A monitoring and evaluation framework is used to identify DHIS2-related facilitating factors at all steps ranging from input, process, and outcome. (Figure 2)
Key theme 4. Recommendations for strengthening the HMIS to improve RMNCAH outcomes
Based on the study findings, the participants’ major recommendations for strengthening the HMIS to ameliorate RMNCAH outcomes in Bangladesh are elaborated in this section. The DHIS2 platform should be programmed to generate automated data for specific RMNCAH indicators. A pop-up box with the indicator definition, calculation (if applicable), and any possible disaggregation should be included. This will provide instant help to the CHCPs and standardize data collection. The software should be translated into Bangla (the local language) to help create a clear understanding of instructions and RMNCAH indicators. An online dashboard should be installed in the platform where instant RMNCAH-related reporting and performance status updates can be exhibited automatically at the sub-district and district levels. Statisticians should be informed in advance about software updates and notified of specific changes so they can prepare the CHCPs.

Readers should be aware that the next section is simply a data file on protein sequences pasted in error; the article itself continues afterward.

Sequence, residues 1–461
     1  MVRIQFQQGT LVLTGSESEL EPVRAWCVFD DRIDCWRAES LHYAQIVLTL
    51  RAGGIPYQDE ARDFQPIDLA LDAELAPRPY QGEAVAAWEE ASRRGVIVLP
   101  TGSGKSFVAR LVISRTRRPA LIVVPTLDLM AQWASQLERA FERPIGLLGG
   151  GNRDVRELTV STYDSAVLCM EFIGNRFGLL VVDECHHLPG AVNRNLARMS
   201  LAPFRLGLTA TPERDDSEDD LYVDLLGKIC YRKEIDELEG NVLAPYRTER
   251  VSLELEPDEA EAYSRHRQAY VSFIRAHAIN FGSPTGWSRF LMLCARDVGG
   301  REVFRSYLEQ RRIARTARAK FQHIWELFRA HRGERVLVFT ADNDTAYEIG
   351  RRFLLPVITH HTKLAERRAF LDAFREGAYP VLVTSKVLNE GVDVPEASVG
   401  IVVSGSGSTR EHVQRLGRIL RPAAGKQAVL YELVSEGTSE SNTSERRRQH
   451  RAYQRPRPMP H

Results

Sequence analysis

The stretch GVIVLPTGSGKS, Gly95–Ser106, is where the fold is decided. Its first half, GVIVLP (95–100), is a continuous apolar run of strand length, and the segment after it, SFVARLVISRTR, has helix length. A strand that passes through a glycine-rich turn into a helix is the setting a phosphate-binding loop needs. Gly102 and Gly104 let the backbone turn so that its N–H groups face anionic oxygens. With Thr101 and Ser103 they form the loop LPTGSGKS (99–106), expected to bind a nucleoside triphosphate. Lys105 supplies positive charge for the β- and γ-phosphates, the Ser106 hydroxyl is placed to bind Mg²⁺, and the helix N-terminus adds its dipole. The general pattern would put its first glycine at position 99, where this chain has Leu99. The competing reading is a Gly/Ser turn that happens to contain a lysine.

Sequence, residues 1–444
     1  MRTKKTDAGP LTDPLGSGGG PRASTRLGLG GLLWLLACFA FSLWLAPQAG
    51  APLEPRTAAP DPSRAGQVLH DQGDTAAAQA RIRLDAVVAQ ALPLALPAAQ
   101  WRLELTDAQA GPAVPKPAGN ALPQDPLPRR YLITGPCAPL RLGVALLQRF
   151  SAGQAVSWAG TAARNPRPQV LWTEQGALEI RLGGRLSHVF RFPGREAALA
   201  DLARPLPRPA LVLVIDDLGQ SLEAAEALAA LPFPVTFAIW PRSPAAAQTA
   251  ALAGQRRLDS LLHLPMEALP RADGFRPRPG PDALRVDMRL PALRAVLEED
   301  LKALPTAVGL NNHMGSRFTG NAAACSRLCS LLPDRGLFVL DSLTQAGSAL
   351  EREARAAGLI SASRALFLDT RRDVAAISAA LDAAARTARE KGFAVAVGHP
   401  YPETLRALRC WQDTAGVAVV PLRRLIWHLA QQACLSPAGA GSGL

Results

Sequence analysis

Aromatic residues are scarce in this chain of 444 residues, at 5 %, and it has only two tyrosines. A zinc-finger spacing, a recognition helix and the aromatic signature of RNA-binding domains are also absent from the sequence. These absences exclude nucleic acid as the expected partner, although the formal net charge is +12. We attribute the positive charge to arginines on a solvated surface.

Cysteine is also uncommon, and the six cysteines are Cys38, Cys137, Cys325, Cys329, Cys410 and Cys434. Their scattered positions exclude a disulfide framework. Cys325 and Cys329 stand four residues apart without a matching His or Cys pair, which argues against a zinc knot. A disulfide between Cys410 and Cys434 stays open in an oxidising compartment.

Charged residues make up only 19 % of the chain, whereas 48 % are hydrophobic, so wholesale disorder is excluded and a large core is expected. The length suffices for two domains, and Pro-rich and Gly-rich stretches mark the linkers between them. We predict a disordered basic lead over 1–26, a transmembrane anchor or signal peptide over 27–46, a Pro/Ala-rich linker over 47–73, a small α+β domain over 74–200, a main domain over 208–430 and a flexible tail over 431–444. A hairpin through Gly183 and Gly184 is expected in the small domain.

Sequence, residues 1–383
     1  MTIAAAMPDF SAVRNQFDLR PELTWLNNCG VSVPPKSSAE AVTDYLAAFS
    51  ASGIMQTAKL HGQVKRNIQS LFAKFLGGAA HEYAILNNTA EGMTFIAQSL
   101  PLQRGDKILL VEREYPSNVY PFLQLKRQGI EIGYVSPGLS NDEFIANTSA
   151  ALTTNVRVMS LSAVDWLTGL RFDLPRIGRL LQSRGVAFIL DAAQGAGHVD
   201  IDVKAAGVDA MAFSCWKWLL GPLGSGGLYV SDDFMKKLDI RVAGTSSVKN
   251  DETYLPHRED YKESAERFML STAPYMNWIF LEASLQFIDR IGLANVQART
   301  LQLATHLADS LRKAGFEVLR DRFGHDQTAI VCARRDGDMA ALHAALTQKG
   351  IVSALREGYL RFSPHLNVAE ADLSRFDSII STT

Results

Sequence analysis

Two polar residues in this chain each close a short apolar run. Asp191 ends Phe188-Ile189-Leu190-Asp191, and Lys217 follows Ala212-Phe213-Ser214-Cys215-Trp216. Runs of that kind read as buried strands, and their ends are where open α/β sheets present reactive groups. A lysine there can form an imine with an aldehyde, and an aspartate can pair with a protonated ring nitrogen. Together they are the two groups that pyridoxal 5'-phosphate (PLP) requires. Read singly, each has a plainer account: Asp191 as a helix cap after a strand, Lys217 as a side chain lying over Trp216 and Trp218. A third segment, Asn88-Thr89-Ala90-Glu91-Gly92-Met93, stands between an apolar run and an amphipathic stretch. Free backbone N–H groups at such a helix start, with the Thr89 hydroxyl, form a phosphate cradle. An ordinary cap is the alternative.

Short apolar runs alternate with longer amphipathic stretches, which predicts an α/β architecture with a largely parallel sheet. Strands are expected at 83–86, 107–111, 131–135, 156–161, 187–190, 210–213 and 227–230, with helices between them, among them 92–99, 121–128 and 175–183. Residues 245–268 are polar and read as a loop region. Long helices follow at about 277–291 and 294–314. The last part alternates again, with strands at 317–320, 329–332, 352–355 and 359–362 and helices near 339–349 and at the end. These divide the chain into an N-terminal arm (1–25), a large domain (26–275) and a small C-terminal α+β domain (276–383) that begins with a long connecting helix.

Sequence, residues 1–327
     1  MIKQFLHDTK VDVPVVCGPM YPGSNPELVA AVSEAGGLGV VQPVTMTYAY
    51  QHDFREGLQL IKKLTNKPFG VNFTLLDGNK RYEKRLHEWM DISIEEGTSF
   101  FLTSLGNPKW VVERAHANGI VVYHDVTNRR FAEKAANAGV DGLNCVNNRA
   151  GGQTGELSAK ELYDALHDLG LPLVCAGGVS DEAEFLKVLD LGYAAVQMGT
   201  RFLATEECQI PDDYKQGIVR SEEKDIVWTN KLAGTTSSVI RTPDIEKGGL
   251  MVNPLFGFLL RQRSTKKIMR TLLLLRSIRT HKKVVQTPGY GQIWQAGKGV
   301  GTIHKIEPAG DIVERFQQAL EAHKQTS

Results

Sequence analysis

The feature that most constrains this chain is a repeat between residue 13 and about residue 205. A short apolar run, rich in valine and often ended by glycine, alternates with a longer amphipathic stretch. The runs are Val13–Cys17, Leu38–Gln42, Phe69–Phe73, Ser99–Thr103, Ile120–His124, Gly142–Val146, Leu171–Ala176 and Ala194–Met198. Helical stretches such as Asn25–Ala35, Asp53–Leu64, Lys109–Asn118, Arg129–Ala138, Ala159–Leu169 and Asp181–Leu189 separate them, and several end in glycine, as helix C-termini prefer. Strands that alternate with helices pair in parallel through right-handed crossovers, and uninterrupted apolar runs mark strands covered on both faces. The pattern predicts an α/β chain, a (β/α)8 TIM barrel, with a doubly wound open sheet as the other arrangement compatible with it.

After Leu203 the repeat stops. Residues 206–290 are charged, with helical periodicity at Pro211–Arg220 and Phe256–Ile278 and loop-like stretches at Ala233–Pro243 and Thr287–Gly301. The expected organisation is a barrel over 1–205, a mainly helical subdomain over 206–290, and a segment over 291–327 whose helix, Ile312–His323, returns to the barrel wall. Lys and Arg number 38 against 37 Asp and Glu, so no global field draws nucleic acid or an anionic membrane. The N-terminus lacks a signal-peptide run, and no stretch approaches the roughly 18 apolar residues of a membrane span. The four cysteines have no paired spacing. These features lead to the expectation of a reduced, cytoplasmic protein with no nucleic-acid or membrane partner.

Data collection forms should be simplified to ease the data collection process and data reporting. Creating unique health identification numbers for patients and issuing individual health cards will decrease the time spent on data entry and help mitigate data duplication. Since the system will contain clients’ contact information, statisticians can verify the collected data through random phone calls. A geographic information system should be installed in CHCPs’ electronic devices used for data collection to track providers’ movement. Users should be able to enter data into DHIS2 daily, as aggregated data increases the risk of errors and compromises data quality.
Since DHIS2 is used at different levels of the health system, the DHIS2 training curriculum should be tailored to the needs of health professionals working at different levels. The IDIs and FGDs revealed a need for separate training sessions on medical terminology for community- and sub-district-level staff. After every update to the software or data collection forms, refresher trainings should be organized to improve staff knowledge and efficiency. A standardized training curriculum and tools are also needed. Furthermore, soft copies of training manuals should be shared with staff via e-mail so they can be easily updated and disseminated.